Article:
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Who is Montero?

Lil Nas X sheds facade to reveal “Montero” on debut album

Lil Nas X’s debut album, “Montero,” has been ages in the making. The rap-pop star rose to fame in March 2019 with his single “Old Town Road,” which broke the record for longest running No. 1 song on the Billboard Hot 100. In the two years that passed between Lil Nas X’s meteoric rise to fame and the release of “Montero,” the “Panini” singer scored three top-five hits, innovated the ways artists utilize social media for promotion and connection with fans and amassed insane amounts of controversy for his critique of Christianity and his expressions of his gender and sexuality. 

Part of Lil Nas X’s appeal lies in his ability to craft an internet personality of someone who is unabashedly queer, Black and entirely memeable — he knows how to poke fun at himself and at others. Consistently on the cusp of stan twitter, this sort of playful, braggadocious energy is present on songs like “Dolla Sign Slime” and “Scoop” with Megan the Stallion and Doja Cat, respectively. “Dolla Sign Slime” is full-on braggadocious. Lil Nas X lets his detractors know that they are “flops,” and unlike them he is the “n—a that's killin' it.” Produced by Take a Daytrip, the song is carried by an irresistible horn riff that feels complimentary to the one on “Industry Baby.” 

“Scoop” is a hip hop-oriented track which sees Lil Nas X get his most explicit about a gay experience. Lil Nas X does away with relationships in favor of being the “daily scoop.” He knows he looks good and is in search of a quick hookup — no strings attached. Both “Dolla Sign Slime” and “Scoop” are hits in the making, but not quite anything different than what listeners have seen Lil Nas X do before. 

“Montero” truly finds its footing in songs like “That’s What I Want,” “Sun Goes Down” and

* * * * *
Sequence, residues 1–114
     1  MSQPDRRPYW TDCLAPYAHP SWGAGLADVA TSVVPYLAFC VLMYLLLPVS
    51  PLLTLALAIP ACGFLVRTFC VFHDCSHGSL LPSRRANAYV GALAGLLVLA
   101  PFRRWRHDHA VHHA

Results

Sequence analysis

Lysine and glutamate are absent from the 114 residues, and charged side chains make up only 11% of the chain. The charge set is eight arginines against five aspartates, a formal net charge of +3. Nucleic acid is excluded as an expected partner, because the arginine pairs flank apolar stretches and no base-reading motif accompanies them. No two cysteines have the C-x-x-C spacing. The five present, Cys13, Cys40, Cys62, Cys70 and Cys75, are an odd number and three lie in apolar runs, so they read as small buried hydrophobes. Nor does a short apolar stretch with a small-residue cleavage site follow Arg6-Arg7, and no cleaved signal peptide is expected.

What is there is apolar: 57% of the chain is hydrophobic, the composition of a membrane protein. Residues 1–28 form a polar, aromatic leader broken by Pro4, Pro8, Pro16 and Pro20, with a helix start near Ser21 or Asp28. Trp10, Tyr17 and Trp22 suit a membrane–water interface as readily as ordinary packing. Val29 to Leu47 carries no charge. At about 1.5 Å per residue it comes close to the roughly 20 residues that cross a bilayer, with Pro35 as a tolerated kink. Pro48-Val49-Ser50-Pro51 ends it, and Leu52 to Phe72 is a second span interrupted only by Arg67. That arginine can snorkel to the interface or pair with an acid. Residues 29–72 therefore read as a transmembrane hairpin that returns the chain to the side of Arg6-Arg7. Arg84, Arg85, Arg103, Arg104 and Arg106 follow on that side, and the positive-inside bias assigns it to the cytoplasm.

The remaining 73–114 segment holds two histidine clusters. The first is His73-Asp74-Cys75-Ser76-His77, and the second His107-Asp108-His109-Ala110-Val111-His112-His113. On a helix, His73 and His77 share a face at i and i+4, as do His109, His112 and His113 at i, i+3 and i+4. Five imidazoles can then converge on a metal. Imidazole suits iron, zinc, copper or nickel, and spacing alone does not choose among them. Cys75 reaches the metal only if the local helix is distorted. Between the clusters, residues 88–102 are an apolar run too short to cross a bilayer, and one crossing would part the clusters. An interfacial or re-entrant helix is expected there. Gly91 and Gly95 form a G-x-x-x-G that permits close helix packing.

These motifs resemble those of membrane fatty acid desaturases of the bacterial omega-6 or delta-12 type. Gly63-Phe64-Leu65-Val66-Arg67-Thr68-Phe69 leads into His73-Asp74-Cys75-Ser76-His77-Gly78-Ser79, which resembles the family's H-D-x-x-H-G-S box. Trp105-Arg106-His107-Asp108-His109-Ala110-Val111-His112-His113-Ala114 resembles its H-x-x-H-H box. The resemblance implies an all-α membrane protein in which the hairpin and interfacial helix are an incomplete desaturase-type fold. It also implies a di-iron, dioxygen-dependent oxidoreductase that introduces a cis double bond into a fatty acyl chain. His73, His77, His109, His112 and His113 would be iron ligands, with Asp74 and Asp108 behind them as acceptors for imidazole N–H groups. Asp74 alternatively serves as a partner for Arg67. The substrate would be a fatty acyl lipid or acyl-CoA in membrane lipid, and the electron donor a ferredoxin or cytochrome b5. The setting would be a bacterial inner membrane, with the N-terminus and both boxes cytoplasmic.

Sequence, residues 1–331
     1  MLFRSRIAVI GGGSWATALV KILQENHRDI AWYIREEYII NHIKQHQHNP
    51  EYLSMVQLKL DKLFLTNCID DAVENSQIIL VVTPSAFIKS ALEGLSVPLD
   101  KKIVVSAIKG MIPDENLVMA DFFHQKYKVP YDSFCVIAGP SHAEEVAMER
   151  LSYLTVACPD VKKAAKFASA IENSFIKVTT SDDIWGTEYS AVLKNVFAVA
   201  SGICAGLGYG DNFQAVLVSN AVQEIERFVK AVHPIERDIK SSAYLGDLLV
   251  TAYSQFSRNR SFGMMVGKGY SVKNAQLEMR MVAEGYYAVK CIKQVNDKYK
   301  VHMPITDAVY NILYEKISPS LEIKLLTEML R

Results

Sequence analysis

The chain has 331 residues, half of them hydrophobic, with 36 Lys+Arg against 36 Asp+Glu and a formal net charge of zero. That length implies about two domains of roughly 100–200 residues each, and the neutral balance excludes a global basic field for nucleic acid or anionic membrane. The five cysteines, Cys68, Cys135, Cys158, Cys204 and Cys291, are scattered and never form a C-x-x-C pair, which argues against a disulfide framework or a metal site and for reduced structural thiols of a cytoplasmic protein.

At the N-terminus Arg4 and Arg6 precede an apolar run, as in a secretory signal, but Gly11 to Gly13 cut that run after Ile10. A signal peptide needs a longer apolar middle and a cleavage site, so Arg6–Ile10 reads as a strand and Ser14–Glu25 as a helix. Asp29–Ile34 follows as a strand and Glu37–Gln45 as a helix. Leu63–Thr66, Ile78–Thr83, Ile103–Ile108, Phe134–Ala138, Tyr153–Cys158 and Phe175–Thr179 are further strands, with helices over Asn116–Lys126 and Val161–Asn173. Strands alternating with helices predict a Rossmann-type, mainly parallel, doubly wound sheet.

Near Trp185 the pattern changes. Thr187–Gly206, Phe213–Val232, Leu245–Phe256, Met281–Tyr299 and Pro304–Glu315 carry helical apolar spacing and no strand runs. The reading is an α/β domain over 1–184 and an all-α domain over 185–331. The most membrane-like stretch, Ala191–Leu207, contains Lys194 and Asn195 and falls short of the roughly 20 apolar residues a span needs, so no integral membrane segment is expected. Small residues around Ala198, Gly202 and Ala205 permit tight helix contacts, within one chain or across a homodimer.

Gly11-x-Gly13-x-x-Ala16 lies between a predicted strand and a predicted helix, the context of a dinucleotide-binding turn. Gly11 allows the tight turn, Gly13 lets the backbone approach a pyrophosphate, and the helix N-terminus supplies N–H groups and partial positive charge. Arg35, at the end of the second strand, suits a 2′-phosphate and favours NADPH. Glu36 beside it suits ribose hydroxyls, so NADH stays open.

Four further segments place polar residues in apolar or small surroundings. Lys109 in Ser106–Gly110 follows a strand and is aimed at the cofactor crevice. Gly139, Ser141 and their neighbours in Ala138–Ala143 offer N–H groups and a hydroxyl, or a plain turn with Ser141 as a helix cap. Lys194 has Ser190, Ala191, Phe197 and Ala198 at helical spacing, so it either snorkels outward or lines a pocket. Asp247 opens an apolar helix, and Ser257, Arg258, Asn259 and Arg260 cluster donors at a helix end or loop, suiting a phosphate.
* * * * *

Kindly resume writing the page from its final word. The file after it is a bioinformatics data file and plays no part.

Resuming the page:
“Tales of Dominica.” On these tracks, the rapper reveals that his uber successful internet personality is just that — a personality. Underneath the masquerade is a young, gay Black man learninig to navigate a world that despises him for how he looks and who he loves.

“That’s What I Want” and “Sun Goes Down” speak to the experience of being gay and Black.  “That’s What I Want” works as the antithesis to “Scoop.” The track is backed by a plucky acoustic guitar and an anthemic sung chorus. Lil Nas X gets vulnerable about his search for love in a dark-skinned, “afro black boy with the gold teeth.” He sings, “These days, I'm way too alone / And I'm known for givin' love away, but / I want (I), someone to love me.” 

“Sun Goes Down” is the most melancholic song on the album. Lil Nas X discusses his attempts to avoid suicidal thoughts when the experiences of being Black and gay become too overwhelming. He raps, "Why my lips so big? / Was I too dark? / Can they sense my fears? / These gay thoughts would always haunt me / I prayed God would take it from me.” In such a traditionally hard and guarded genre like rap — it is awe-inspiring to see Lil Nas X be so open about his experiences, especially since such experiences are probably alien to a large majority of his fan base. 

“Montero” is far from a perfect album. The lyrics on tracks like the chorus of “One of Me,” despite its beautiful piano accompaniment from Elton John, feel undercooked. The production on “Life After Salem” is heavily rock-inspired. While a sonically interesting venture for Lil Nas X, it ends up seeming like he is competing with the track rather than complementing it due to its loudness.

Despite these critiques, the album is a culture revolution for gay, Black men everywhere. Lil Nas X is showing those just like him that it is okay to be truly yourself — embrace who you are and who you love without pause, but that such embrace does not come without pain and hardships. 


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